The OPFOR Mega-Collection At Baloogan Campaign

I’ve long had a strange love of the “OPFORs”, those exercise-fodder wrestling heel countries, and an even stranger desire to read documents that were hundreds of pages long and written in field-manualese for fun. So it’s no surprise that my collection of un/declassified documents grew bigger and bigger.

After my latest finds, I decided that the time was right to share them, so I made an official post detailing the “OPFOR Volume 3” and containing the access at Baloogan Campaign.

I had to collate them. In part because all of them were just too big to fit into one folder effectively, and in part because, even if I could handle the size, it would be too “jumbly”. Thankfully, I was able to come up with three categories. The first was “fake countries, the OPFOR manuals” I’d used in the first two volumes. The second was specific intelligence assessments on real countries at the time-ie, the famous FM 100-2 manual series on the Soviet Army. The third was miscellaneous commentaries that, even though most did apply to the “real countries”, didn’t quite have the same theme.

So they’re ordered and ready for your perusal.

Some blog updates

I’ve been doing some blog “housework”, for lack of a better word. I got rid of some old defunct blogs no one was reading and I wasn’t updating, and I’ve made some changes to both my main blogs.

As always, I’m still changing more, so don’t be surprised if it looks slightly different.

A major blog announcement

So, you may have noticed that the blog has changed a lot. I have a few reasons for this. When I started up this blog almost three years ago, the minimalist theme worked very well. But I’ve felt it has outgrown that.

I’ve set up the Fuldapocalypse Fiction blog to provide more structured, less cluttered reviews. The first such review there is of Bob Forrest-Webb’s Chieftains, a classic tank novel. More are coming-many more.

Setting that up, I liked the theme and felt it was time to do the much-needed revamp of the Creative Corner. So I’ll be tinkering with the site, fair warning if anything changes. In the meantime, enjoy the new Coiler’s Creative Corner. The cars in the header are the notoriously “quirky” Fiat Multipla‘s. I figured they suited a quirky blog.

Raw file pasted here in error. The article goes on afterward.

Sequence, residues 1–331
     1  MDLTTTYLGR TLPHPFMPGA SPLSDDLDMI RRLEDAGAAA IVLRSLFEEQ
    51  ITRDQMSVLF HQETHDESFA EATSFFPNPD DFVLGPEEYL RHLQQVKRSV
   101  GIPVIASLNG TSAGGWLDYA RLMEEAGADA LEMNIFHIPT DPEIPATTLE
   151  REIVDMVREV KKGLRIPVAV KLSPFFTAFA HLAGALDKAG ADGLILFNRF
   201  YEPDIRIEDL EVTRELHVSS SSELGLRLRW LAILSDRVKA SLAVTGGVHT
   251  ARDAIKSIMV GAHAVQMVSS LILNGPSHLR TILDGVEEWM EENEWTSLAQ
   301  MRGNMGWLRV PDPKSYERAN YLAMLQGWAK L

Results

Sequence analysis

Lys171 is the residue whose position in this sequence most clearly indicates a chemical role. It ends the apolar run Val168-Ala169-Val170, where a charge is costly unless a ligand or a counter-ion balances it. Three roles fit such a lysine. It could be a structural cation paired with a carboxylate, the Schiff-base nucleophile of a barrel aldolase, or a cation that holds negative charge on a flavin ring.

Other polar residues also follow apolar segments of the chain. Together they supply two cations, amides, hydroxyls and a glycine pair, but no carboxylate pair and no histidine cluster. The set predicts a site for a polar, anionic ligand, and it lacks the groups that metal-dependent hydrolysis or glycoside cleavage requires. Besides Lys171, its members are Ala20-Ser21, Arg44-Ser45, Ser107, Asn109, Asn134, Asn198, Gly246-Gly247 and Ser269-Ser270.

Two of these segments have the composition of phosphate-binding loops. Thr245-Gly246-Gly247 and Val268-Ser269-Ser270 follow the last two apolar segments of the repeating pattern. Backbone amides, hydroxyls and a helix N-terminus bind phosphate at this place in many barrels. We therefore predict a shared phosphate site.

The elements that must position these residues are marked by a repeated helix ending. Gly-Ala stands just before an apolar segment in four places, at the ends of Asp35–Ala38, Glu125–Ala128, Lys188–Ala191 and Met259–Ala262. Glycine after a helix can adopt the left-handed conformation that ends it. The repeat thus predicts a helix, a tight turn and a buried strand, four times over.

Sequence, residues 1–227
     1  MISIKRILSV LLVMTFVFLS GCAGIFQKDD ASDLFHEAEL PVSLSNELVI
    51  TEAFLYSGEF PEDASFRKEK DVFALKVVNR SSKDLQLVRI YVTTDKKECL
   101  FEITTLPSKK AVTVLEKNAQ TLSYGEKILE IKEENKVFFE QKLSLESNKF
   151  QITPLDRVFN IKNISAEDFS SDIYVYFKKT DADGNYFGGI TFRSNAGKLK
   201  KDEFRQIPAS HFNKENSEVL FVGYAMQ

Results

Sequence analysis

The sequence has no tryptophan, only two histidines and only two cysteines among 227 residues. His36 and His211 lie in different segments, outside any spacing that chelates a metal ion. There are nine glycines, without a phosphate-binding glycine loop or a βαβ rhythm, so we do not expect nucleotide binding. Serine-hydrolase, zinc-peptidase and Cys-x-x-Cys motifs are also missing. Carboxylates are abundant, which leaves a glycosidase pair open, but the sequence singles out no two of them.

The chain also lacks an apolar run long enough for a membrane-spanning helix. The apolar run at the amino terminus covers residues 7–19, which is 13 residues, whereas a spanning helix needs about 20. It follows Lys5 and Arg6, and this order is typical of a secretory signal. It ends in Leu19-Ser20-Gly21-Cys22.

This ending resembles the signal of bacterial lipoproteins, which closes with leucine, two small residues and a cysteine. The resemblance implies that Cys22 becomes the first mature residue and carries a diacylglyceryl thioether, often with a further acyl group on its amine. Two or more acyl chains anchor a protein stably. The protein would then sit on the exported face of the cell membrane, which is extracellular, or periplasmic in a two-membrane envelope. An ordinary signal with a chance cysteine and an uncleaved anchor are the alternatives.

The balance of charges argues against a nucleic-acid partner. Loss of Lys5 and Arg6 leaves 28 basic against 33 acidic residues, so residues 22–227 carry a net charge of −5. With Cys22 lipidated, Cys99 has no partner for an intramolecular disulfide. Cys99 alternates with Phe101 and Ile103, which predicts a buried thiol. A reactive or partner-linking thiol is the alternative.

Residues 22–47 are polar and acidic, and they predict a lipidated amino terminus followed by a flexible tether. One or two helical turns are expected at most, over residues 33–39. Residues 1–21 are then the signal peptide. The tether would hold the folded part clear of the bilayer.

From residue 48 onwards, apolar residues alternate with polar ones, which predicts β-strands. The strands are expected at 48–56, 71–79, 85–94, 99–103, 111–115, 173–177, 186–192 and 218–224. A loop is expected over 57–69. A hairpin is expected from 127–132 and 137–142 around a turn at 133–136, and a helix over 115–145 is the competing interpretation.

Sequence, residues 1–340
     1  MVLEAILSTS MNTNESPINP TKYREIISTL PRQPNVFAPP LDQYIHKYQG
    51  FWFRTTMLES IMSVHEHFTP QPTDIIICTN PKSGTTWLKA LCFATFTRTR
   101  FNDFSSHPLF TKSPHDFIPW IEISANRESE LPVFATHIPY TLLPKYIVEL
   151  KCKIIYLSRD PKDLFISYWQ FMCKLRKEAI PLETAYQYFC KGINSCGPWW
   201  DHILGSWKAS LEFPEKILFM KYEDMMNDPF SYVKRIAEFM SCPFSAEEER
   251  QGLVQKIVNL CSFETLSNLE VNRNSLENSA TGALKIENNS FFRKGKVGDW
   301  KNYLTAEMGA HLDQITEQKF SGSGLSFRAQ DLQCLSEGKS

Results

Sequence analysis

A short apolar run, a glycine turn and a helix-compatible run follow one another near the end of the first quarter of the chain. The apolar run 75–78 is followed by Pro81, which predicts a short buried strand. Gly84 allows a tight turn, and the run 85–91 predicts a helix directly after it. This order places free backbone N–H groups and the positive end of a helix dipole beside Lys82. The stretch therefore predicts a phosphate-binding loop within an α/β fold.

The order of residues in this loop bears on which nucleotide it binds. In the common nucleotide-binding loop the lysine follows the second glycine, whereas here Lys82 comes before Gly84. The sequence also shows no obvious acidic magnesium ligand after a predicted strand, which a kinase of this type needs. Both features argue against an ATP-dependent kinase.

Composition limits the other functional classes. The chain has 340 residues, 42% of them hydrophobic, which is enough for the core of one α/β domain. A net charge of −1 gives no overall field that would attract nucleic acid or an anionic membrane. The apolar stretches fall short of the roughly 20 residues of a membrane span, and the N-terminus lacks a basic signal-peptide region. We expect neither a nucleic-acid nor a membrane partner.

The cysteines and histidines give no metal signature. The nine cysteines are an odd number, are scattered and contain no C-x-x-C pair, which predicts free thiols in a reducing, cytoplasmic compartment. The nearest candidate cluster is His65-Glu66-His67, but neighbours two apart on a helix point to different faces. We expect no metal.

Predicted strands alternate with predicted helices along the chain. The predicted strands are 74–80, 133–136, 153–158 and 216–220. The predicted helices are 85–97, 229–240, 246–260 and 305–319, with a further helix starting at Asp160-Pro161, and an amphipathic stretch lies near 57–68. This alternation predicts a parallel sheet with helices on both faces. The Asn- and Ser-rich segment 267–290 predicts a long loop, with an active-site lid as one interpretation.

So I’m excited about this change. It was easier than I thought, and it’s been long overdue.

 

A genre I’d never write?

So, for the August 2018 #TheMerryWriter challenge started by Ari Meghlen and Rachel Poli, the second day’s question was “Is there a genre you would never write?”

It was a tough question to answer. My tastes are incredibly varied already and can change a lot. A desire to move away from fire-eating hyperbole on my part made it even harder. Finally, the vague nature of what constitutes certain “genres” at all makes it tougher.

I don’t want to say I’d never write a certain genre, but certain ones are lower on my priority list. The one I tweeted was “classic Westerns”. I’ve never been terribly interested in them past watching The Magnificent Seven as a child, and if I’m not into reading them, then writing them, well, yeah.

However, a lot of genres I would gladly write-the adventure genre, part of the “cheap thriller” genre I love, has been clearly inspired by classic Westerns. So genres are not easy to separate.

Other genres low on my list:

  • Outright horror, especially cosmic horror. Not really for me, but I can see the appeal.
  • Contemporary romance. For the most part I’m not in the demographic, so that’s pretty self-explanatory.
  • Mysteries. Argh. The problem is a spectacular true crime book by The Wire creator David Simon called Homicide: A Year On The Killing Streets. With that being as piercing as it is, traditional mysteries look especially formulaic and unrealistic. That being said, I do like the concept more.
  • Zombies. At least shambler zombies. Too often they become a “theme park apocalypse”.
  • Urban Fantasy. Fantasy overall is fairly low, but urban fantasy is even lower. I like it in theory, it’s just too often I see it falling. It might just be me seeing poor examples, but I think a lot of the time it tries to have its cake (modern relatable characters and the fantastic!) and eat it too (too neatly segmenting off the societies), and that annoys me.
  • Legal thrillers. I’m not a lawyer, self-explanatory.

This is of course my personal taste and I have nothing against the genres or anyone who likes them. And my opinion could very well change again.